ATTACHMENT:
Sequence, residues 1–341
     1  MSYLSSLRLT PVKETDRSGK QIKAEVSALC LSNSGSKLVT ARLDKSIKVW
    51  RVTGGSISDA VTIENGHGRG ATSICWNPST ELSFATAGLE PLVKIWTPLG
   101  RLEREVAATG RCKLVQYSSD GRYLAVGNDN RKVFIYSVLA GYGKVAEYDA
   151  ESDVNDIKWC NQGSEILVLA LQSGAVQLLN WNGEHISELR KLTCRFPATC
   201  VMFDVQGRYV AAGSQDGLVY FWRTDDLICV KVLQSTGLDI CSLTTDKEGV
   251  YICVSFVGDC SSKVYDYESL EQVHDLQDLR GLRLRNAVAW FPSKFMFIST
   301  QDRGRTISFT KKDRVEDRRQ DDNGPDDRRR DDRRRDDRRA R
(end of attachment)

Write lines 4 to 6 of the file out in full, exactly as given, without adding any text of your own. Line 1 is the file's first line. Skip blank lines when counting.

   101  RLEREVAATG RCKLVQYSSD GRYLAVGNDN RKVFIYSVLA GYGKVAEYDA
   151  ESDVNDIKWC NQGSEILVLA LQSGAVQLLN WNGEHISELR KLTCRFPATC
   201  VMFDVQGRYV AAGSQDGLVY FWRTDDLICV KVLQSTGLDI CSLTTDKEGV